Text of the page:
Cadillac’s head honcho, Johan de Nysschen, loves to ruffle feathers, so it shouldn’t surprise anyone that his grand vision for General Motors’ premium brand is bold, brash, and a little controversial. However, critics charge that de Nysschen’s plan isn’t just unorthodox, it may be illegal.
De Nysschen: a brief history
If you’re like many people, your first run-in with de Nysschen came in 2009, when he famously called the Chevrolet Volt “a car for idiots“. His rationale was that plug-in electrics can never reduce greenhouse gas emissions–at least not here in the U.S.–because the electrical grid relies heavily on coal.
Unfortunately, de Nysschen was wrong. Audi’s PR team spent weeks trying to “clarify” his statements, to little avail.
Oddly enough, a few years later, de Nysschen was offered the corner office at Chevy’s sibling, Cadillac–which, just to make things more awkward, sold an upmarket version of the Volt, the now-discontinued Cadillac ELR.
Within weeks of settling in, de Nysschen began stirring things up. He ditched Detroit and moved Cadillac HQ to Manhattan. He also unveiled plans to launch Cadillac boutiques–digital showrooms similar to those run by Tesla and like the ones he’d previously envisioned for Audi.
Those two initiatives certainly made their marks, but they may pale in comparison to “Project Pinnacle“, de Nysschen’s plan to overhaul existing Cadillac dealerships.
To be fair, parts of Project Pinnacle aren’t all that groundbreaking. Instituting new dress codes for employees and using tablets to speed up sales? Piece of cake.
More controversial is his new dealership ranking system, which goes from five (the lowest-volume shops) to one (the highest). To move up the ladder, dealerships have to meet increasingly lofty targets for sales and for customer satisfaction. They also have to roll out new services like roadside assistance and vehicle pick-up and drop-off.
The higher a dealership’s rank, the bigger the incentives it’s eligible to receive. And that, in turn, means that bigger, higher-ranking dealerships can become more competitive than smaller ones because they can offer deeper discounts to would-be buyers.
Cadillac has 925 dealerships in the U.S. To date, 474 have signed up for Project Pinnacle. Some 400 smaller dealerships–including 80 that have signed up for Project Pinnacle–are being offered buyouts.
Each of those 400 dealerships sold fewer than 50 Cadillacs in 2015. (All but six also sell cars and trucks from other GM lines.) De Nysschen says that he wants to improve the experience of buying and owning a Cadillac, and that smaller dealerships may not have the capital to invest in the necessary upgrades. To him, the buyouts–which average $120,000 per store–are an easy way out.
Between now and September 30, those 400 dealers can make one of four choices:
1. They can sign up for Project Pinnacle and commit to higher performance benchmarks.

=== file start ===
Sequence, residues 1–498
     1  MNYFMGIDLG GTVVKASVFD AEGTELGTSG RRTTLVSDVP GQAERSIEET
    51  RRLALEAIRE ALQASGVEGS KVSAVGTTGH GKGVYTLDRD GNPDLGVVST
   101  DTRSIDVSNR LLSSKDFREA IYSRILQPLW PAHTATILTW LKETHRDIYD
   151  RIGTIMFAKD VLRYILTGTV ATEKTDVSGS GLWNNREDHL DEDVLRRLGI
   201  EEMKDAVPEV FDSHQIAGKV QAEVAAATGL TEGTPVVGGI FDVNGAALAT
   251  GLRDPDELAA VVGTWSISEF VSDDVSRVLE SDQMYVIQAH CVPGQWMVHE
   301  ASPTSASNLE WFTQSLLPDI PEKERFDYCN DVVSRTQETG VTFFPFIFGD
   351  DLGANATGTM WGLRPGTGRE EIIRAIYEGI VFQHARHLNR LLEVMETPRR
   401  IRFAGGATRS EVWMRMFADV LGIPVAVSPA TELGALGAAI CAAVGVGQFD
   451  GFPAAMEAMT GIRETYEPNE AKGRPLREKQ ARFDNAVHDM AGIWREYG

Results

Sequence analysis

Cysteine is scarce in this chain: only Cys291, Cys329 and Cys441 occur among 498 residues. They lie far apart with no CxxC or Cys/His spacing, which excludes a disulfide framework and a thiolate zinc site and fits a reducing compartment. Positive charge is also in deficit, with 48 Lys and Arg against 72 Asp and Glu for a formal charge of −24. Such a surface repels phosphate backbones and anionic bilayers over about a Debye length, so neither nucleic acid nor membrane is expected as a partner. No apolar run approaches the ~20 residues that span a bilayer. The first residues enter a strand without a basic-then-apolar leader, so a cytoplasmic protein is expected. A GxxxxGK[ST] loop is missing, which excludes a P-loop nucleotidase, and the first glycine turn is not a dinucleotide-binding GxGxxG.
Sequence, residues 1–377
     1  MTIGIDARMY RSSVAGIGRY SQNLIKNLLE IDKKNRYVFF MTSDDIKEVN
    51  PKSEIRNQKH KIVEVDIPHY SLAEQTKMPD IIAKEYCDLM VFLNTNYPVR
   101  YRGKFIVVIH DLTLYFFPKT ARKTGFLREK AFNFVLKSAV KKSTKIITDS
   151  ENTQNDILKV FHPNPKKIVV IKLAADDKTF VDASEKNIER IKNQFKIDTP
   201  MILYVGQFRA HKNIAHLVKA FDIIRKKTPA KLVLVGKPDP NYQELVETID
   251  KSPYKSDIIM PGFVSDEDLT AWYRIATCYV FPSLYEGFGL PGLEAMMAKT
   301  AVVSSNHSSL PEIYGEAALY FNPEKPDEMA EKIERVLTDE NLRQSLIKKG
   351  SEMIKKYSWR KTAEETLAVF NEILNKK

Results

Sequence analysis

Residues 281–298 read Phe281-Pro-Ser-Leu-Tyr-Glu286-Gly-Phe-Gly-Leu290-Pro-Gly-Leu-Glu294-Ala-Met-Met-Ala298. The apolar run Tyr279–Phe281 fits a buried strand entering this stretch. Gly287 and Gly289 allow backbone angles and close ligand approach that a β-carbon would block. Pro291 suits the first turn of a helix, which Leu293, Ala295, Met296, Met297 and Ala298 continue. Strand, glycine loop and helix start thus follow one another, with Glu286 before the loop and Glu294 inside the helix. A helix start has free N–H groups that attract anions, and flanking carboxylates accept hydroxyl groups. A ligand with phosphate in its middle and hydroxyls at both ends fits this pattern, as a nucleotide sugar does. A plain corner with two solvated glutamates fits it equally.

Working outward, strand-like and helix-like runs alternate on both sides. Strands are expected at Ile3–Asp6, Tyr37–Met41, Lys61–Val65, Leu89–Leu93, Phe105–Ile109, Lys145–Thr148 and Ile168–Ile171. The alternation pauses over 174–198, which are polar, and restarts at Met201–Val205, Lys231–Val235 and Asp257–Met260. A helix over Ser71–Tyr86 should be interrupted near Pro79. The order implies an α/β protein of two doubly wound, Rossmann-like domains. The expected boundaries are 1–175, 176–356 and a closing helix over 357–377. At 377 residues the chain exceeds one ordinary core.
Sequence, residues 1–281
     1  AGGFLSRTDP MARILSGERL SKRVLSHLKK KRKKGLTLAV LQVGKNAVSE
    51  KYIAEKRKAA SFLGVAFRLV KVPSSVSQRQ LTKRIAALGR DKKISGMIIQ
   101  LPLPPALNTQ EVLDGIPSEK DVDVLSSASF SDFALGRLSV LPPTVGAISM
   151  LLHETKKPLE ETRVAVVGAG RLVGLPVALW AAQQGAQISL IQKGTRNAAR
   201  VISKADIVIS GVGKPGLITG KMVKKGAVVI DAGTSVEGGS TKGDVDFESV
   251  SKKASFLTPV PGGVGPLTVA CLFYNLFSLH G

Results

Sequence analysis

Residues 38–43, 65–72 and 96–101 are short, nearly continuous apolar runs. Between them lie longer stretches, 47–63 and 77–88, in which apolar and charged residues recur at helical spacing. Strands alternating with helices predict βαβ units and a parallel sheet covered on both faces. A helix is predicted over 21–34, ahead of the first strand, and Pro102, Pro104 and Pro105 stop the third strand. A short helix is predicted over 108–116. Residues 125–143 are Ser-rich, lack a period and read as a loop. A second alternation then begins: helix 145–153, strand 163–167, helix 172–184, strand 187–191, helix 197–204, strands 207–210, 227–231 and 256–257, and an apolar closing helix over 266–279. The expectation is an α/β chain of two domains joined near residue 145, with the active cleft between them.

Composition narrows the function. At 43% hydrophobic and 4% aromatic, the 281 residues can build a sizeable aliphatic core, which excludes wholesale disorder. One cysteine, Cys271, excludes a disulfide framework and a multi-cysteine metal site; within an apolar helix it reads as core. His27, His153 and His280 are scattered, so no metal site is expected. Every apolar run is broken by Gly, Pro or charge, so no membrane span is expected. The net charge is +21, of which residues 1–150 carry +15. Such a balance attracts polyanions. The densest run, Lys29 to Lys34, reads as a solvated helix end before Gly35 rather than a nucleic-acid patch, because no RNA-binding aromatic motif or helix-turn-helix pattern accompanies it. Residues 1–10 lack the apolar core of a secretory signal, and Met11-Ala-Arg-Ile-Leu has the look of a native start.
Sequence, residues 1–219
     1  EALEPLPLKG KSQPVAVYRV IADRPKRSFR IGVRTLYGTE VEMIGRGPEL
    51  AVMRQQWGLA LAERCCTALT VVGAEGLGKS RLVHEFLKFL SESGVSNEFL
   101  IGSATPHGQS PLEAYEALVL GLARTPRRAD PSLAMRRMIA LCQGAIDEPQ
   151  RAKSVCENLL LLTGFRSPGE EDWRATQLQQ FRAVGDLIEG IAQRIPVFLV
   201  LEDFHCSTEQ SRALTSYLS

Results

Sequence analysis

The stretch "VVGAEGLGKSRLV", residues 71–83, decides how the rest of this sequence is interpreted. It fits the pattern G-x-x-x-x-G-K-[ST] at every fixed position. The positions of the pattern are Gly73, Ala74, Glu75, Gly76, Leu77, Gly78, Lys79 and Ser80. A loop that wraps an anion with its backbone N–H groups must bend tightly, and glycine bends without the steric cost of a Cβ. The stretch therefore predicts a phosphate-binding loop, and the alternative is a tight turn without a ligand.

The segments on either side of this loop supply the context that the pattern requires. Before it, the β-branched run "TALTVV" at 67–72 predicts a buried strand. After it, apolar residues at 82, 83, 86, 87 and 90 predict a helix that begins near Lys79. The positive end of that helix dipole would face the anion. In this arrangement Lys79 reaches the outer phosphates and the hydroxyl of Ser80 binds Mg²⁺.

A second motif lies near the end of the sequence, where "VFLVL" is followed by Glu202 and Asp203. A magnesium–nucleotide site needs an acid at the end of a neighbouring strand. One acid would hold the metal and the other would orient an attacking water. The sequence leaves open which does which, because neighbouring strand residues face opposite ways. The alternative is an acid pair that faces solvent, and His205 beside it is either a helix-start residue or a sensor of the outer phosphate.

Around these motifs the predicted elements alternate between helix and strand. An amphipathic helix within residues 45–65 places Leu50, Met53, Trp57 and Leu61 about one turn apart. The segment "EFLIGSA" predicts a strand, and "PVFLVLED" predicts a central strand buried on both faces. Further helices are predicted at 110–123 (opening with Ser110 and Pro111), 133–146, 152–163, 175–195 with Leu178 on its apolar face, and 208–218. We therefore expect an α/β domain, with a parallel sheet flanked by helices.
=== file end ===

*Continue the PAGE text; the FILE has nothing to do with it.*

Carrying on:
2. They can sign up for Project Pinnacle and, after further deliberation, opt for the buyout by November 21.
3. They can take the buyout money and run.
4. They can opt to remain a Cadillac dealership but not participate in Project Pinnacle. (De Nysschen says that enrollment is purely voluntary.) That would likely result in them being prevented from stocking vehicles on-site, becoming instead a digital showroom.
In states like California and Virginia, however, there may be another option: dealerships might sue.
Dealer associations say that de Nysschen’s plan violates franchise laws and gives Cadillac too much control over dealerships. Though de Nysschen describes such arguments as a “misinterpretation” of Project Pinnacle, the associations insist that not participating in the program puts dealers at such a disadvantage that they have little choice but to sign up or check out.
For mass-market auto brands, de Nysschen’s plan would be a PR disaster in the making–one not unlike that faced by GM and Chrysler after their 2009 restructurings, when 2,100 dealerships were cut from the two networks.
Luxury brands are a little different. They’re not expected to be on every corner of every neighborhood. Part of their allure is that they’re a bit elusive and exclusive. It’s not outrageous to see de Nysschen trying to thin the herd and help the stronger dealerships thrive.
That’s not to say that smaller dealerships should be happy about being offered a buyout. Nor is it to suggest that de Nysschen’s plan is going to be an automatic win for bigger dealerships, who face plenty of hurdles in the years ahead. And despite our different expectations for luxury brands, there may, indeed, be some ill will from communities where smaller shops close their doors. (Frankly, we’d be surprised if there weren’t.)
What’s undeniable, though, is that Cadillac is in trouble. It lags far behind brands like Mercedes-Benz, BMW, and Lexus, and its sales stats are slipping even farther. Something has to be done to right the sinking ship.
How do you feel about de Nysschen’s plan? Is it on-target or off-course? Can he lead Cadillac back to prominence, or is he the one who ought to be offered a buyout?